The US Government Accountability Office says NASA should not have completed preliminary design reviews for its Constellation programme's vehicles because it did not have the data to allow it to meet planned delivery dates with confidence.
Neither the Orion crew exploration vehicle nor its Ares I crew launch vehicle should have progressed, says the GAO. In its September report on Constellation the GAO highlights NASA's decision to delay Orion's PDR from mid-2008 to third quarter 2009 and the fact that it closed the Ares I review, while deferring resolution of the launcher's thrust oscillation issue until the Constellation programme design milestone in March 2010.
Constellation has already slipped its first crew flight from September 2014 to March 2015 and has 192 identified risks that represent an additional $2.4 billion or more in costs to resolve. One such risk is thrust oscillation, which threatened to violently shake Orion and its crew on ascent.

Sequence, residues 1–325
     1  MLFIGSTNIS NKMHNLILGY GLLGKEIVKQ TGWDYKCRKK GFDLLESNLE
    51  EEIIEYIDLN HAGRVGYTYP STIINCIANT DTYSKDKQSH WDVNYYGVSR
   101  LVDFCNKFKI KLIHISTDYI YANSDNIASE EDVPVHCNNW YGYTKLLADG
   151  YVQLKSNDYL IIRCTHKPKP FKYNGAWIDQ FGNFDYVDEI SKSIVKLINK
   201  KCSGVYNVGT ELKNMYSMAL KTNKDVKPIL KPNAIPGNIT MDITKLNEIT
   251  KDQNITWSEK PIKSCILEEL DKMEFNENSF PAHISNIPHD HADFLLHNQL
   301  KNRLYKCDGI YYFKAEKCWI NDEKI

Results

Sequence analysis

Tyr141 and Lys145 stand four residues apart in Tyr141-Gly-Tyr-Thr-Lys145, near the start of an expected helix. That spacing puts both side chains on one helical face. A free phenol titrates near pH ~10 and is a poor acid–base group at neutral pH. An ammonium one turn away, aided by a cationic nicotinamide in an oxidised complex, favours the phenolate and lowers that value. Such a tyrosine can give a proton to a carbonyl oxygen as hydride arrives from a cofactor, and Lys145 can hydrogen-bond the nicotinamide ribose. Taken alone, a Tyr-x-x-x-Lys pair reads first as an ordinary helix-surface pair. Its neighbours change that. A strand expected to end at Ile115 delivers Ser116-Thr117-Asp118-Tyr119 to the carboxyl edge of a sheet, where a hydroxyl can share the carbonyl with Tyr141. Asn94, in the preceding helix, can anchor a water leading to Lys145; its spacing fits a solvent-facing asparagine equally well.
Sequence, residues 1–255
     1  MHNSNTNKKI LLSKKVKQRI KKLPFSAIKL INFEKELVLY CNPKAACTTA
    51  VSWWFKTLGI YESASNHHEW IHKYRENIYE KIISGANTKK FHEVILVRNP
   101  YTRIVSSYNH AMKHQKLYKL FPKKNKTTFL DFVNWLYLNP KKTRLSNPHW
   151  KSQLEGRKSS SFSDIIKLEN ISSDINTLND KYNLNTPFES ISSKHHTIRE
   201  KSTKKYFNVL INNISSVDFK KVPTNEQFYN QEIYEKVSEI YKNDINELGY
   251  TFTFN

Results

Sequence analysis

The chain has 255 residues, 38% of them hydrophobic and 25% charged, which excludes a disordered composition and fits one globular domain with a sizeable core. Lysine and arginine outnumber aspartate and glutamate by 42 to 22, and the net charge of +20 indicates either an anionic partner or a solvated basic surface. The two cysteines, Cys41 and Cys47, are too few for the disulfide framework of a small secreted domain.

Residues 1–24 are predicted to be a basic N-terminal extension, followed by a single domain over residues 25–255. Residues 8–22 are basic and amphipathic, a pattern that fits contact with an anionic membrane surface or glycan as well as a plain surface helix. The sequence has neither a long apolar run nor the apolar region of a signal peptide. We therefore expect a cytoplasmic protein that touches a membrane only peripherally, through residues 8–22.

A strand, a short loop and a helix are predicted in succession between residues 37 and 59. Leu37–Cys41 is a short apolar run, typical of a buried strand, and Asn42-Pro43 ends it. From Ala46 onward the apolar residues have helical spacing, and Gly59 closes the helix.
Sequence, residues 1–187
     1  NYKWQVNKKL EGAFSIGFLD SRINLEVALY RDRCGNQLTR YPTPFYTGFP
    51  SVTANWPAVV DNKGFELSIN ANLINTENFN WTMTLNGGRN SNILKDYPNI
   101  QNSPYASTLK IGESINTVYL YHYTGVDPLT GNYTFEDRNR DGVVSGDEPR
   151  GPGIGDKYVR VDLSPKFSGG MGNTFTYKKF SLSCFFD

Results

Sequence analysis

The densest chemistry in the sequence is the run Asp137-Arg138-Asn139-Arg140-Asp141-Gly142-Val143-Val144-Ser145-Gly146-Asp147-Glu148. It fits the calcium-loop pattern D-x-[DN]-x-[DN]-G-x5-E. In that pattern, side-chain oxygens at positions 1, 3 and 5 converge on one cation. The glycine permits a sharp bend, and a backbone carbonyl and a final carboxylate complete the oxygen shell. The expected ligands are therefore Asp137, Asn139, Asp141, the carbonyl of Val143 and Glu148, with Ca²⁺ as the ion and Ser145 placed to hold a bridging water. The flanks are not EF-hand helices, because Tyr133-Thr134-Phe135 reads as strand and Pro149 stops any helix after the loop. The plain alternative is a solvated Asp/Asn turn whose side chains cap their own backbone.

NASA disagrees with GAO and says: "The Constellation programme and project preliminary design reviews fully comply with the NASA guidance. In every case, the review was declared successful by...independent reviewers."
Yet NASA's Constellation programme may never reach its own March 2010 milestone. Later this month President Barack Obama's review of US human spaceflight plans committee is expected to submit its full report on which NASA administrator Charles Bolden will base a new human spaceflight policy proposal by the end of the year.